When I play the game now, I find myself dividing Zoda's Revenge's nine chapters into three categories. The first and second chapters are boring, the third through the seventh are great fun, and the final two are just frustrating. The initial chapter provides a brief plot overview that leads to the impulsive Mike grabbing a mystical book and warping to prehistoric times, which leads to a simple second chapter culminating in what could possibly be the easiest boss of all time (unless you ignore the primary target and use your throwing axe to kill the wild boar it's munching on instead, in which case the enraged beast becomes near-impossible to defeat). Until it finishes the boar, the creature ignores you… even if you're relentlessly pelting it with projectiles. By the time the boar is gone, odds are good that your nemesis will be also. Thrilling…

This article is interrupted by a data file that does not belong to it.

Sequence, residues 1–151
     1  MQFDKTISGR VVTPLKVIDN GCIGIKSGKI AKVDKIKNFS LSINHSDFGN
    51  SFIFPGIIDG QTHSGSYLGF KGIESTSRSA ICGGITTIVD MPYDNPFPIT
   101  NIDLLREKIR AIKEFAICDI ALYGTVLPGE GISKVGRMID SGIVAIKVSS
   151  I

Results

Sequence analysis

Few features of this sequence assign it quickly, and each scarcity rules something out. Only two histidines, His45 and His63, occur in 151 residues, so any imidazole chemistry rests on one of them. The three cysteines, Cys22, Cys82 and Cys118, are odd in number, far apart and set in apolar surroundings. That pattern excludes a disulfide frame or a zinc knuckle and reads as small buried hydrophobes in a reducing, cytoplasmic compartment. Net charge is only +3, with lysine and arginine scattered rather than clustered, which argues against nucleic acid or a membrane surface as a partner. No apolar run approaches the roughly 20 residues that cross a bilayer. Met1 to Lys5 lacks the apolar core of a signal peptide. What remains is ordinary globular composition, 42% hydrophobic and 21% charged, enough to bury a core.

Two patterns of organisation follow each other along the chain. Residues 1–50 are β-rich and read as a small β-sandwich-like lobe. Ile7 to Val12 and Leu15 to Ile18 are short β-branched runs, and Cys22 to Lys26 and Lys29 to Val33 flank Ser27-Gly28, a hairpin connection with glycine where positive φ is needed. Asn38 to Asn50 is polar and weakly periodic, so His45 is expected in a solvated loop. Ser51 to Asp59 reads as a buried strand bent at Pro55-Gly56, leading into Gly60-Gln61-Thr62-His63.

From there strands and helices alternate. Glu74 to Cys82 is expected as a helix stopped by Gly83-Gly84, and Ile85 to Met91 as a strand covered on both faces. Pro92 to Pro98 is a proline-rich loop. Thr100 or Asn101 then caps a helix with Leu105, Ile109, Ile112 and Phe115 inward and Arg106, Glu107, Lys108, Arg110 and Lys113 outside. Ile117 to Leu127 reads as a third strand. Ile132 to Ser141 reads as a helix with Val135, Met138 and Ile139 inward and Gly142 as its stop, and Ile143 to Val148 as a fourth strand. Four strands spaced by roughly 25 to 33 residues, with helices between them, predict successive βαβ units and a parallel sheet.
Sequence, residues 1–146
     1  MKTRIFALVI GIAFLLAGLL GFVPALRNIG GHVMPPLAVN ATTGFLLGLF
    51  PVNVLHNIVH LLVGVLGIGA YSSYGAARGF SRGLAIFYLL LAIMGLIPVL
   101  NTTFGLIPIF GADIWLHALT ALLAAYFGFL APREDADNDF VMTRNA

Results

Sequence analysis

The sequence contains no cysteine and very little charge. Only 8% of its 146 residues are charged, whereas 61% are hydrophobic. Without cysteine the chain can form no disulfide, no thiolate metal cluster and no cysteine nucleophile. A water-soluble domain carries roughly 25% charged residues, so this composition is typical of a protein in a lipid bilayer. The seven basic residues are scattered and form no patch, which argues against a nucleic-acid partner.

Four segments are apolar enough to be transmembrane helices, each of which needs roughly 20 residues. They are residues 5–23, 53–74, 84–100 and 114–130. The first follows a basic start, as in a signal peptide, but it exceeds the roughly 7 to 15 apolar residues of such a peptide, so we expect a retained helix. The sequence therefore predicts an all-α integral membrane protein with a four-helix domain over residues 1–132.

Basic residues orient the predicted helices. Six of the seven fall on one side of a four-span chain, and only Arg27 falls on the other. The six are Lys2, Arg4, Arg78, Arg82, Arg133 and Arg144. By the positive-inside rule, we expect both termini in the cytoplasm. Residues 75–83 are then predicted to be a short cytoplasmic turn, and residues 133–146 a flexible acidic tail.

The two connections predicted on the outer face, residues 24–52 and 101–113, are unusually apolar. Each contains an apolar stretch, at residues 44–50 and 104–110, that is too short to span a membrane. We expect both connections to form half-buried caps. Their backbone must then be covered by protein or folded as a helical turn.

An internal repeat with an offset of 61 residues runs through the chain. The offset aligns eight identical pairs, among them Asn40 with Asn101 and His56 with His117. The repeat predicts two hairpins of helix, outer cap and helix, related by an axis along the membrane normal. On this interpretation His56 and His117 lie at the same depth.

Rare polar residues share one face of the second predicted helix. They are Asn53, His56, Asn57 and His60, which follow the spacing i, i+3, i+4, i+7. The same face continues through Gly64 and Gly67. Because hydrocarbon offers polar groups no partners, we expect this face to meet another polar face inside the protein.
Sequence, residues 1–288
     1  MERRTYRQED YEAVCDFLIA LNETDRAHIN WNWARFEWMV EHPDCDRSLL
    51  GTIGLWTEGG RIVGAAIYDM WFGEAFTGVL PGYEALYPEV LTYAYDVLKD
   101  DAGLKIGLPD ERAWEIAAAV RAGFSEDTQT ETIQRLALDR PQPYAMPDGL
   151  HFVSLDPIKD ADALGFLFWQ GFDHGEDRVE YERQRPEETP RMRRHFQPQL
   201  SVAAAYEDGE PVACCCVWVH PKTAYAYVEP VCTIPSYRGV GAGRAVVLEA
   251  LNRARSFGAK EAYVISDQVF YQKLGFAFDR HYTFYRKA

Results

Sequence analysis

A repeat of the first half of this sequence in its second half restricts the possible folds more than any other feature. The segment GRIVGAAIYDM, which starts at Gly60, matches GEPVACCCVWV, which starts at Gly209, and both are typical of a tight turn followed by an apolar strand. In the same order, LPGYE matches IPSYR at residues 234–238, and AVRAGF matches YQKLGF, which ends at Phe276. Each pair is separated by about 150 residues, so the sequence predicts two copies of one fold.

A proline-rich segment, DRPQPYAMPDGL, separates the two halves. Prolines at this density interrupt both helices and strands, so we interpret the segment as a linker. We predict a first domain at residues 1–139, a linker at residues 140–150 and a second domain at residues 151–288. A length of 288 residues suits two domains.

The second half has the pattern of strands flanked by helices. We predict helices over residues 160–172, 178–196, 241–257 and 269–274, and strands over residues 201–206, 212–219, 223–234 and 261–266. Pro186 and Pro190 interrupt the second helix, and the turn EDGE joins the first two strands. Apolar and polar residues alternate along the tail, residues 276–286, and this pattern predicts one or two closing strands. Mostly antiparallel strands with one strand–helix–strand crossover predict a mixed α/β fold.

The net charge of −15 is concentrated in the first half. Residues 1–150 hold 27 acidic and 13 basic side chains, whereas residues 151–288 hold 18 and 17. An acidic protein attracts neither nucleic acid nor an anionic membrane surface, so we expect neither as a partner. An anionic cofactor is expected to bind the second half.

But then you move to ancient Egypt, and things pick up. There are three dungeons and two fun boss fights that properly kick off the game. Trips to the sewers of London and the Wild West both add to the fun and, after a somewhat lackluster sixth chapter, Zoda's Revenge enters the realm of the truly awesome with its Transylvanian-themed seventh chapter. For most of the game, the dungeons are pretty linear. There will be side paths leading to health-restoring medicines and limited-use weapons, but those are minor deviations from the obvious main path. In this castle belonging to the second version of Zoda, though, you get a pretty good take on some Zelda-class dungeons as you travel through a maze-like building in search of the lair where the shape-shifting alien is awaiting your arrival.